Ecuador’s leftist candidate Lenín Moreno squeaked into office this weekend in what was a noteworthy win in a region tipping increasingly to the right.
But even amid the recent political shifts, one thing has become clear: whether a leader is left or right, the so-called “Pink Tide” of leftist leaders that defined the first decade and a half of this century has fundamentally changed the region.
Latin America remains one of the most unequal places in the world, but the gains in education, health care, and the upward mobility of the poor are improvements voters are not willing to let disappear. Conservatives today have to convince the electorate that despite whatever changes they promise to usher in, they won’t dismantle the social gains brought to shore by the Pink Tide….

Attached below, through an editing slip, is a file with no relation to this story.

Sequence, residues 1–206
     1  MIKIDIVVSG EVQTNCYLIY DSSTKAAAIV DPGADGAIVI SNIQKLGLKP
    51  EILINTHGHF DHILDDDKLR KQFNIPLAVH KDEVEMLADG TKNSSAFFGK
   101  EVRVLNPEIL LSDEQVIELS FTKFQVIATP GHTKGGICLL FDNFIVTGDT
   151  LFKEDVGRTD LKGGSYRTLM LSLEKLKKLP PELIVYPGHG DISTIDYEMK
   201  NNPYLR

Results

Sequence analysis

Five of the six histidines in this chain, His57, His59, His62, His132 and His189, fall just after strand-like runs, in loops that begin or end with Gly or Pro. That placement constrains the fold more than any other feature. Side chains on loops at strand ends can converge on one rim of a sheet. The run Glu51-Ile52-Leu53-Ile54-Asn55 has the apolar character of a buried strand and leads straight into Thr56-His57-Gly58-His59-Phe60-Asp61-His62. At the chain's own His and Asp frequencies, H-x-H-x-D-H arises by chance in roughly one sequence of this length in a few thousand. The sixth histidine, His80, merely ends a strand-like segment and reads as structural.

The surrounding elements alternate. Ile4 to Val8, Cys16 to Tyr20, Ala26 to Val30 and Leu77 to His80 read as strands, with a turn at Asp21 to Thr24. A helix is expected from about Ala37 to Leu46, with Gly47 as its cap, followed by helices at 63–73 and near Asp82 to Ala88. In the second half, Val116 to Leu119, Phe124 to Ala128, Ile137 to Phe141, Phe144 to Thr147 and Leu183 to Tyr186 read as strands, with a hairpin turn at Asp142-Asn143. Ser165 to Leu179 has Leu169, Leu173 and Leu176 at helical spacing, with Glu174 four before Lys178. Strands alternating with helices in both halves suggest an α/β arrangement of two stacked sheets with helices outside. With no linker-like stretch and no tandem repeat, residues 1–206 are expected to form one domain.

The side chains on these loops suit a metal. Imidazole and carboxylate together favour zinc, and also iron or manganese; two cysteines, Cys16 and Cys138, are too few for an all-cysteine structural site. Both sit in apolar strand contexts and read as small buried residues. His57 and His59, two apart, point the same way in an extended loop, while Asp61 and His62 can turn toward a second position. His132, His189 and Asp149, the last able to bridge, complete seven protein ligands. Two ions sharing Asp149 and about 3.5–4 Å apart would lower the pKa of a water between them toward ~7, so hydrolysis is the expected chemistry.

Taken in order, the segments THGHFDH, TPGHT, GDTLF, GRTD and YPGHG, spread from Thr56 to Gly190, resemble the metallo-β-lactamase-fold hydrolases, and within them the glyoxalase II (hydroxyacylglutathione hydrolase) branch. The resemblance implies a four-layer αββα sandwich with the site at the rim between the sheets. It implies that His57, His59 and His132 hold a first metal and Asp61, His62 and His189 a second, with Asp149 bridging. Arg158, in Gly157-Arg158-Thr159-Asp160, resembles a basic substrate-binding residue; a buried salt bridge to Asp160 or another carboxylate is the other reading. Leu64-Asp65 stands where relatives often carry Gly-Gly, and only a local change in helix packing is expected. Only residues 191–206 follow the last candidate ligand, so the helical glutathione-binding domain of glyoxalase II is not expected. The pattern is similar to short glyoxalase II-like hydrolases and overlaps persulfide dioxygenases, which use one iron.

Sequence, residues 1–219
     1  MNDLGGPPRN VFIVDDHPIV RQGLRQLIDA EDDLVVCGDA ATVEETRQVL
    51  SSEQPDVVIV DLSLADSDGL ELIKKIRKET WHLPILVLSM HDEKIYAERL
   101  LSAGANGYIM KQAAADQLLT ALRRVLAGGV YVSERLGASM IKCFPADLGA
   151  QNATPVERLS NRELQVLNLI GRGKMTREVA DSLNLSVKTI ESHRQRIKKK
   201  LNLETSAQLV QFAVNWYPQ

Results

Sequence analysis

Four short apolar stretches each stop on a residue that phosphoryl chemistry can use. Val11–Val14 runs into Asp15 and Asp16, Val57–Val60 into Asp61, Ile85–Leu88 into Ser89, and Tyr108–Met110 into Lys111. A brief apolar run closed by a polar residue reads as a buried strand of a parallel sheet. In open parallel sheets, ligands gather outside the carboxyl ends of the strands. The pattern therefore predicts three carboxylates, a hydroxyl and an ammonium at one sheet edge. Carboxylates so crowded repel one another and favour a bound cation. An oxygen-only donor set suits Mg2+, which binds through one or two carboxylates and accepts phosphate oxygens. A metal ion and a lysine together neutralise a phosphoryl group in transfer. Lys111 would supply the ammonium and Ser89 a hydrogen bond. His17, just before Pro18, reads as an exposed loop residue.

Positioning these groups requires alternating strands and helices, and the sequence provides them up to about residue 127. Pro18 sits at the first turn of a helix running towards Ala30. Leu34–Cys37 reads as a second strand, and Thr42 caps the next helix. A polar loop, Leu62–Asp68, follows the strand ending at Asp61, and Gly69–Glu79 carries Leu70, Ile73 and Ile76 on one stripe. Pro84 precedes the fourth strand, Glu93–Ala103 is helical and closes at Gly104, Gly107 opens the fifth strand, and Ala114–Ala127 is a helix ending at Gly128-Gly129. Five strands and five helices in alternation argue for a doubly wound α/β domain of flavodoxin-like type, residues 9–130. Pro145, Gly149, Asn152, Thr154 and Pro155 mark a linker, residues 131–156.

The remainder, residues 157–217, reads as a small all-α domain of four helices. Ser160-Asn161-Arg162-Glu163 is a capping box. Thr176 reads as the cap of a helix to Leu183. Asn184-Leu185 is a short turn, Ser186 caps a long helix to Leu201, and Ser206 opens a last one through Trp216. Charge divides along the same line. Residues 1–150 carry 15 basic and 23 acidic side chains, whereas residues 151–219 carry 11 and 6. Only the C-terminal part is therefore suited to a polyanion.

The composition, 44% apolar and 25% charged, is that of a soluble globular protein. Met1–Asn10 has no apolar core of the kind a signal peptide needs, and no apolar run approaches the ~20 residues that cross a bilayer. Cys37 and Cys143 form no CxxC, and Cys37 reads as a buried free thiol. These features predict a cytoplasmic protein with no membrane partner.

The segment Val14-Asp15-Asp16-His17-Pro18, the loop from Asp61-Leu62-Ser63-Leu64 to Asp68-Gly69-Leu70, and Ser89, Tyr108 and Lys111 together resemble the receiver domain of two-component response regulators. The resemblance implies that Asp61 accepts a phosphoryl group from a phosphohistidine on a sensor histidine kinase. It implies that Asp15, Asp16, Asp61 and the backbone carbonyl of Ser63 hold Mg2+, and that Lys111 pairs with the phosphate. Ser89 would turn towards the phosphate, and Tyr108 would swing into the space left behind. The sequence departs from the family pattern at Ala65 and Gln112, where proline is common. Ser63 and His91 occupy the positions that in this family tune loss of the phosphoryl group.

Latin America has long been defined by its inequality. For decades it was governed in an “us vs. them manner, where ‘them’ was all of the population outside of the political elite,” says Eric Farnsworth, the vice president of the Washington-based Council of the Americas.
But as commodity prices shot up in the early 2000s and leftist governments rose to power and implemented broader social spending, social indicators improved dramatically. Between 2003 and 2012, the region halved the number of people in extreme poverty (living on less than $2.50 per day), according to the World Bank….